The thirty-one-year insistence on Islamifying the society not only has failed but has actually produced a negative approach to religion. Loss of faith or converting from Islam to another religion (despite being punishable by death) is even reflected in the Islamic Republic’s own published figures, as unreliable as they may be. In the official statistics, those who have any religion other than the four protected by the Islamic Constitution (Islam, Christianity, Judaism and Zoroastrianism) identify themselves as ‘Other’ or ‘Not Declared’. Iranian Bahá’ís, for example, or those who have changed their religion fall into these categories. The figures below are compiled from official census statistics as published by the Statistical Centre for Iran:





‘Not Declared’

and ‘Others’




Rate of Increase every ten years




Population Growth




The figures indicate an almost threefold (2.8) increase in a twenty-year period in the ‘Not Declared’ and ‘Others’ category while population growth has actually decreased by more than half.

This trend was most evident in two Internet surveys carried out by Association des Chercheures Iraniens in 2007 and 2010. In the first survey, viewpoints on religion and identity were measured. Two main traits were clearly identified, i) regarding the level of importance of Iranian identity over religious or ethnic identities, the majority of the 20-29 age group (the largest participant age group) identified themselves with Iran’s ancient civilisation and culture; and ii) loss of faith or anti-religious sentiments.

Figure 1. 

Fig 1: Question 11: In view of the events and developments in Iran under the Islamic Republic, how have your religious beliefs been affected?

Figure 2. 

Fig 2: Question 14: Where do you derive your identity from? (Multiple answers)

Figure 3. 

Fig 3: Question 16: Which of the above forms of identity is important to you?

The second survey concentrated on the events following the tenth presidential elections. Nevertheless, the question on religious beliefs produced startling results, particularly, in the 35 to 39 years age group.

Figure 4. 

Fig 4: Question 12: In view of the events and developments in Iran under the Islamic Republic, how have your religious beliefs been affected?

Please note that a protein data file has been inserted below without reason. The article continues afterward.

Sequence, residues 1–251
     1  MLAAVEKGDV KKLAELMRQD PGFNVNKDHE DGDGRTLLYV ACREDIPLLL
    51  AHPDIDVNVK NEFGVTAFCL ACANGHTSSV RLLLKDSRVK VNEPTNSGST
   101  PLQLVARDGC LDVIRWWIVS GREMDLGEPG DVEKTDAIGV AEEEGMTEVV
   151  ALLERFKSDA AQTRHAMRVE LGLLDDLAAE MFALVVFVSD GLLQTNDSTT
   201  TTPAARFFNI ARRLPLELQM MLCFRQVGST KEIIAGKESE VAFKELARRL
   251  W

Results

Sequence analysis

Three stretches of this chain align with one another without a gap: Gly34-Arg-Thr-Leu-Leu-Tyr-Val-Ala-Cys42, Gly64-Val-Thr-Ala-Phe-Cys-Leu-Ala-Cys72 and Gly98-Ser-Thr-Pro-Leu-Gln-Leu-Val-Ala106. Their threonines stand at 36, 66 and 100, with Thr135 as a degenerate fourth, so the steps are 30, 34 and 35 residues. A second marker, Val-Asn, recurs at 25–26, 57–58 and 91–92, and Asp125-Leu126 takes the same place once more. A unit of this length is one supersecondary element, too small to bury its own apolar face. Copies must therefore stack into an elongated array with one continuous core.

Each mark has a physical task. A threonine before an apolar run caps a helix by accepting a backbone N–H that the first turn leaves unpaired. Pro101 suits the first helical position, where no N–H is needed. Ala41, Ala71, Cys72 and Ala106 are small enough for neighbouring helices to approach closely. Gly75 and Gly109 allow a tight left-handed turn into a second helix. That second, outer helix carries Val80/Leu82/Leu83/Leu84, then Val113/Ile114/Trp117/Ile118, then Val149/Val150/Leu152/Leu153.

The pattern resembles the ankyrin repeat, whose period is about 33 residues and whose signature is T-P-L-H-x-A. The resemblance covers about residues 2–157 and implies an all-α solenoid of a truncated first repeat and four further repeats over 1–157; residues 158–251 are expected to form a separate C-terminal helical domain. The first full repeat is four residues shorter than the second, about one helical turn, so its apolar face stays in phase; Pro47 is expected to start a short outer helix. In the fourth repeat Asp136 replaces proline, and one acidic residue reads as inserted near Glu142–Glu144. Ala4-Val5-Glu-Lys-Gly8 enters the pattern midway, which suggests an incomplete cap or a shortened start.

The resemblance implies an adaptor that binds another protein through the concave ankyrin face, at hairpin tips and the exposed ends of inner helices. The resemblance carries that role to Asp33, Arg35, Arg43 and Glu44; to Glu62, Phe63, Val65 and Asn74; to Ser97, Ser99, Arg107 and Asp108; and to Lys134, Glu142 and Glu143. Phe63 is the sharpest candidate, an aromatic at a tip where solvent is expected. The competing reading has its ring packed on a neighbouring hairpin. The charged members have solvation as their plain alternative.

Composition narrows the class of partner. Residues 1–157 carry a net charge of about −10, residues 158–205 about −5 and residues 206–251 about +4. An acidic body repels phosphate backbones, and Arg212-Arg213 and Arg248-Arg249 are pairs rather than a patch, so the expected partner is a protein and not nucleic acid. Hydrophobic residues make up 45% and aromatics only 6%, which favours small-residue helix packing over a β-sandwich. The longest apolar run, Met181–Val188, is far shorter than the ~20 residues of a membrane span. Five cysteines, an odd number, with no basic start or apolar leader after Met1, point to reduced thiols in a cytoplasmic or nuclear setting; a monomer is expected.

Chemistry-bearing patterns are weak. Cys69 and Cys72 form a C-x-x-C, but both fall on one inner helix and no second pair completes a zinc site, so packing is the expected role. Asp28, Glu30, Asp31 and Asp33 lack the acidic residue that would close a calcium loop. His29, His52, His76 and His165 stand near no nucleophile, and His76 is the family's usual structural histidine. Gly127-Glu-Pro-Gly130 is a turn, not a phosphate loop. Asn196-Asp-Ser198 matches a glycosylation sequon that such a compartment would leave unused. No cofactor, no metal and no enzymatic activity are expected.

Evident from both surveys and Islamic Republic’s figures is the move away from the stated official religion which can only indicate a policy failure as well as demonstrate the consequences of violation of one of the most fundamental rights: that of freedom to choose one’s own religion or belief.

Despite awareness of the damage the policies of the last three decades have done to “Islam”, the regime appears to be pursuing them with more vigour by giving power and protection to its “extrajudicial” or “rogue” agents to persecute religious minorities. Moreover, fresh powers of arrest and punishment have been brought in against religious freedom by codifying “apostasy” in the proposed Islamic Penal Code with the maximum sentence of death.

The Islamic Republic must be reminded that as a signatory of the 1993 Vienna Declaration it has a duty and responsibility to bring its national laws in line with the international instruments to which it is a signatory. Iran must be held accountable for non-observance of human rights with more than resolutions and condemnations. At the same time, the so-called negotiations over the nuclear issue must not be an excuse for the international community to remain silent on the abuse of rights in Iran. Smart sanctions targeting identified individuals and institutions may be one way of applying pressure.

In conclusion, religious traditions or cultural values must not form the foundation of the laws of the land. They are private matters and while both are to be respected, in a fair and just society neither is damaged or devalued and the law actually provides for their rightful place within society.

The Islamic regime must not be allowed to get away with systematic and ‘legal’ violations of rights under the guise of tradition and culture. Its excuses must not be tolerated when appearing at international meetings and openly defending the abuse of, for example, the Bahá’ís or insisting on unequal rights for women, based on customs and culture. The protests of the last year and the obvious dissatisfaction with the entirety of the system must be a serious warning for the ruling elite and the international community alike.